Joseph Bryan III was born into the influential Bryan family of newspaper publishers and industrialists. He grew up to edit and write for many national publications, including the family-owned Richmond News Leader and Chicago Daily Journal, as well as Parade, Time, Fortune, Town and Country, Reader's Digest, the Saturday Evening Post, and the New Yorker. He served in three branches of the U.S. military: first as a lieutenant in the U.S. Army following his graduation from Princeton; then as a lieutenant commander in naval air combat intelligence in the Pacific during World War II; and later as a lieutenant colonel in the Air Force. He also worked for the Central Intelligence Agency from the late 1940s until 1953. After leaving government service, he resumed his career as a freelance writer. His only work of fiction, a short story entitled "First Patrol," appeared in Esquire in 1956.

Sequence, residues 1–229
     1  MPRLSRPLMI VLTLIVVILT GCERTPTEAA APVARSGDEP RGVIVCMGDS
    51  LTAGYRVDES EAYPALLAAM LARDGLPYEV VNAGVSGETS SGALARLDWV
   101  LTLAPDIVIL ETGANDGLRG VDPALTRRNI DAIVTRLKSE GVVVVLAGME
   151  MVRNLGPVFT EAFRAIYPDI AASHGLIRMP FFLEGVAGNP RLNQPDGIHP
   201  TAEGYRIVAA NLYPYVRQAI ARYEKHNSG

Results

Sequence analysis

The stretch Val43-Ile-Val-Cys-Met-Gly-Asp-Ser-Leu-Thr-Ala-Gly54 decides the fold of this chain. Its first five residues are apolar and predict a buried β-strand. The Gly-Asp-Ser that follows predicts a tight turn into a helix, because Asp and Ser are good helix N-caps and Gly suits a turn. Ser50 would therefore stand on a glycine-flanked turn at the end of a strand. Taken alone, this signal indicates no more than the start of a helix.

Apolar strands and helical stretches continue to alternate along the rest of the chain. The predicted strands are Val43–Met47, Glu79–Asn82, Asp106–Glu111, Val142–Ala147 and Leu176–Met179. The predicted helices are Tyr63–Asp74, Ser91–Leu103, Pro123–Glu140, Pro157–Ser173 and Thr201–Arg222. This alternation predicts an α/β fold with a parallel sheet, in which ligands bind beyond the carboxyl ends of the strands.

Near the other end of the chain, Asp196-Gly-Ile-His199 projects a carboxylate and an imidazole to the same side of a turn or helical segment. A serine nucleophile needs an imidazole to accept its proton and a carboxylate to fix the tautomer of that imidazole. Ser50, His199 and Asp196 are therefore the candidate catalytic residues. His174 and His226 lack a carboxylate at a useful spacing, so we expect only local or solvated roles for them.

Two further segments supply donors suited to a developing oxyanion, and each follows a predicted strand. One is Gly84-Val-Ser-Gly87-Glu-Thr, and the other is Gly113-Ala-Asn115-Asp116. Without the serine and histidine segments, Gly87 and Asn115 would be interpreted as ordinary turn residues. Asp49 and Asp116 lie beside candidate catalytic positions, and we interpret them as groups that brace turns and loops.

Bryan's principal books included Mission Beyond Darkness (1945), written with Philip Reed about the U.S.S. Lexington in the South Pacific; Admiral Halsey's Story (1947), an authorized biography; Aircraft Carrier (1954), based on a diary Bryan kept while aboard the U.S.S. Yorktown; The World's Greatest Showman: The Life of P. T. Barnum (1956), written for young readers; and The Windsor Story (1979), a dual biography of the duke and duchess of Windsor, written with Charles J. V. Murphy.